Repairing broken DNA is essential for preventing mutations that can cause diseases such as cancer. Homologous recombination is an error-free DNA repair pathway that is conserved from bacteria to human. In the first step of recombination, Sgs1 and other specialized DNA motor proteins move along the broken DNA to process damaged strands for repair. Loss of Sgs1 in humans leads to devastating diseases such as Bloom, Werner and Rothmund-Thomson syndromes. The process by which Sgs1 and related DNA motors navigate on highly condensed chromatin and deal with other nucleoprotein collisions remains unresolved. Our hypothesis is that DNA motors collaborate to destabilize nucleosomes and other roadblocks by sequentially displacing and evicting the obstacles, thereby allowing other repair enzymes to gain access to the DNA. I have begun to address how DNA motors negotiate roadblocks by directly visualizing these collisions at the single molecule level. I observed that RecBCD, a prokaryotic DNA repair motor, displaces multiple types of obstacles as it moves along DNA. In the K99 phase, I will extend my single molecule assay to study the motor properties of Sgs1. During the R00 phase, I will elucidate the role of Top3/Rmi1 and Dna2 in facilitating Sgs1-dependent eukaryotic DNA repair.
My second aim i n the R00 phase is to determine how the Sgs1/Top3/Rmi1 complex processes chromatin. These experiments will rely on a new technology developed in the Greene laboratory, which allows us to directly visualize hundreds of individual DNA motor proteins in real time. By rapidly gathering statistically relevant datasets, we can study homologous recombination with an unprecedented level of mechanistic detail. My ultimate career goal is to achieve tenure as a professor at a research institution. The skills that I develop during the K99 phase of the fellowship will enable me to succeed as an independent investigator.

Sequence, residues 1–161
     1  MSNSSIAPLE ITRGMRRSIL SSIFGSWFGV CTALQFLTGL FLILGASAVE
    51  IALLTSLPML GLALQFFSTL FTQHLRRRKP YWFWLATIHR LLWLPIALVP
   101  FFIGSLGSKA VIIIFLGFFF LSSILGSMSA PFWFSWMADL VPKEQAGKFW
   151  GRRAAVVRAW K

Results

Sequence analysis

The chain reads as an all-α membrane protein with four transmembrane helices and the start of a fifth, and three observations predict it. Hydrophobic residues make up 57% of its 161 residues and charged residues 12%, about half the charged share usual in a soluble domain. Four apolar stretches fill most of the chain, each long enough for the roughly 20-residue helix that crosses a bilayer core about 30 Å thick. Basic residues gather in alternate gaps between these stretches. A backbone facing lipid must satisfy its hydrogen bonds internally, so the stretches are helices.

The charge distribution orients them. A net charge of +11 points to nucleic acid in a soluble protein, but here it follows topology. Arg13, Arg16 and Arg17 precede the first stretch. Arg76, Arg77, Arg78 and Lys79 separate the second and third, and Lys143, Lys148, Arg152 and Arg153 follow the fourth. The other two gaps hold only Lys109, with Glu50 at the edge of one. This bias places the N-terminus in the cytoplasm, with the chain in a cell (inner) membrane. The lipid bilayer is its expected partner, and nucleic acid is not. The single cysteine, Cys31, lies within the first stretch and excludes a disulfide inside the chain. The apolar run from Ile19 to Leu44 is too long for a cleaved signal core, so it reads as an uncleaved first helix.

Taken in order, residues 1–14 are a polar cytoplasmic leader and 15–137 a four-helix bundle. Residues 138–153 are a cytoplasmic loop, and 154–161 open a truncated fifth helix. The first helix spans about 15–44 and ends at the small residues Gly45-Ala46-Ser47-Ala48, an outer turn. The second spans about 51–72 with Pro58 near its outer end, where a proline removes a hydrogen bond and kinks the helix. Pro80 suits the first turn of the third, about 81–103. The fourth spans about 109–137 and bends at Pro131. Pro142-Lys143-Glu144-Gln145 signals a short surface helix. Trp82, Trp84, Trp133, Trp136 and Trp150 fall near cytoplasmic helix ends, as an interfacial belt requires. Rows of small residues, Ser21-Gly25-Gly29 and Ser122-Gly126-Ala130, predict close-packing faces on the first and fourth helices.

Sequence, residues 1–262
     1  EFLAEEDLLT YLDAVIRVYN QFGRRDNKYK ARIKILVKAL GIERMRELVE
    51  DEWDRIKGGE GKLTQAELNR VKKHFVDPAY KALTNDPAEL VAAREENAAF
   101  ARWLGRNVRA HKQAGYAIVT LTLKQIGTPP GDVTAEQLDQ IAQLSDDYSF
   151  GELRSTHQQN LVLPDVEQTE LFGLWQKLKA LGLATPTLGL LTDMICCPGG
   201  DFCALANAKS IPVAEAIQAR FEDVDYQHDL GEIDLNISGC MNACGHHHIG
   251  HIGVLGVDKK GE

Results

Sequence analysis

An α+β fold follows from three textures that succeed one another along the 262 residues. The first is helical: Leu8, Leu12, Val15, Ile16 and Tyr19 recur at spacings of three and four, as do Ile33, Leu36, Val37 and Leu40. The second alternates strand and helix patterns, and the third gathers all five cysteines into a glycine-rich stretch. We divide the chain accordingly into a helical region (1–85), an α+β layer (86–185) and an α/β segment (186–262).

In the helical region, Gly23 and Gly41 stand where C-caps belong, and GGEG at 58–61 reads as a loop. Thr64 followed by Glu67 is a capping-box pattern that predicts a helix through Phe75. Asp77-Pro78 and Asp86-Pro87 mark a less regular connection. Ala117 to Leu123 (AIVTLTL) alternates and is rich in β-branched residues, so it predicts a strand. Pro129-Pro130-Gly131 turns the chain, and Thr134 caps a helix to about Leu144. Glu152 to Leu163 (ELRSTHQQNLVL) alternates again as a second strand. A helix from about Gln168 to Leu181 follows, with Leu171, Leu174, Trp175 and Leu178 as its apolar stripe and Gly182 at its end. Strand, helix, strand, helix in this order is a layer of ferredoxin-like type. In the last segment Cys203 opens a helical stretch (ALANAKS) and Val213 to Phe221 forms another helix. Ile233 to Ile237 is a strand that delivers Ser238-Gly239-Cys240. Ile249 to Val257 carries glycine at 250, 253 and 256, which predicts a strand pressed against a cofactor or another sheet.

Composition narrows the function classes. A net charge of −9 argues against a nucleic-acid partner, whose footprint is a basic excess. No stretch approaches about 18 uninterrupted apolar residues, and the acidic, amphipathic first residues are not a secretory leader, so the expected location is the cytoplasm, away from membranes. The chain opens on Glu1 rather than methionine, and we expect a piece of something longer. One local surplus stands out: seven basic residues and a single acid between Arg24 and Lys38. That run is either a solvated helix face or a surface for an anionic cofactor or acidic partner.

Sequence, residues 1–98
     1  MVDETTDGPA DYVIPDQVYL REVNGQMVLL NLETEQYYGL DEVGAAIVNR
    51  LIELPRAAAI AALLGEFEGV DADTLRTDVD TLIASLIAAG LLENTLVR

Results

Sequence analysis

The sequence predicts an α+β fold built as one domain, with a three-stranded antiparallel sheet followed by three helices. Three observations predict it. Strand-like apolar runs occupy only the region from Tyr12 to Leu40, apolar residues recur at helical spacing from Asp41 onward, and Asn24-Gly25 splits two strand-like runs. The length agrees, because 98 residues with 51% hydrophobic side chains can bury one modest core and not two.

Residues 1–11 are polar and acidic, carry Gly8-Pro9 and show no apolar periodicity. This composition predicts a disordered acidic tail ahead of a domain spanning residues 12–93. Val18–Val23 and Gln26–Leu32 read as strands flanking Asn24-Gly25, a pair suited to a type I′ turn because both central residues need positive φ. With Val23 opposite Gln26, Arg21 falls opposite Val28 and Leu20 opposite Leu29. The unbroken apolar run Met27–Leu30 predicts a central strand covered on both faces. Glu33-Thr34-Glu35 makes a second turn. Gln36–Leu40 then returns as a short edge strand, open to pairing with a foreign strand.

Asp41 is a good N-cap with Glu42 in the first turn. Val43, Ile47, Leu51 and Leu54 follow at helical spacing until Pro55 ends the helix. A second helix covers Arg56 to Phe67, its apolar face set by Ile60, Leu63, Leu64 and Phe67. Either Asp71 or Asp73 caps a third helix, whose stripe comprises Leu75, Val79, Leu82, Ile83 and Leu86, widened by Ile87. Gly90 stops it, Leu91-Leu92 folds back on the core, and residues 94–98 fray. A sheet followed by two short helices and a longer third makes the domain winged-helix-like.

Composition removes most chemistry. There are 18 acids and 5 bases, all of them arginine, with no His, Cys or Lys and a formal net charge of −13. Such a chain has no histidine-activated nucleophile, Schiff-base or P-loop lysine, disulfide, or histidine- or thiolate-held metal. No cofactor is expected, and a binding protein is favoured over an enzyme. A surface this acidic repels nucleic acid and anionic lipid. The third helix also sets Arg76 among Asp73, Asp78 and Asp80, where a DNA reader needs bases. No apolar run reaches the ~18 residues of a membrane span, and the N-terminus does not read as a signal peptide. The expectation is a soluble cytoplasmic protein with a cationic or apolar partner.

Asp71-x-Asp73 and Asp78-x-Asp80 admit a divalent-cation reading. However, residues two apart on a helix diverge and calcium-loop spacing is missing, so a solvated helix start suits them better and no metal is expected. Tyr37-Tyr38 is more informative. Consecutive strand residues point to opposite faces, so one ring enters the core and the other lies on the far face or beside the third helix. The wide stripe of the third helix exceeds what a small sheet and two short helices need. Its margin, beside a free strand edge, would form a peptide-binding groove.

Public Health Relevance

Breaks in DNA arise frequently as a result of external damaging agents and naturally during cell replication. This project aims to characterize a crucial DNA repair pathway used by cells to maintain genome stability. Understanding details of DNA repair mechanisms will shed light on various cancer-prone human diseases.

Agency
National Institute of Health (NIH)
Institute
National Institute of General Medical Sciences (NIGMS)
Type
Research Transition Award (R00)
Project #
4R00GM097177-03
Application #
8616481
Study Section
Special Emphasis Panel (NSS)
Program Officer
Preusch, Peter C
Project Start
2011-04-05
Project End
2016-02-29
Budget Start
2013-03-14
Budget End
2014-02-28
Support Year
3
Fiscal Year
2013
Total Cost
$248,999
Indirect Cost
$16,667
Name
University of Texas Austin
Department
Type
DUNS #
170230239
City
Austin
State
TX
Country
United States
Zip Code
78712
Robison, Aaron D; Finkelstein, Ilya J (2014) High-throughput single-molecule studies of protein-DNA interactions. FEBS Lett 588:3539-46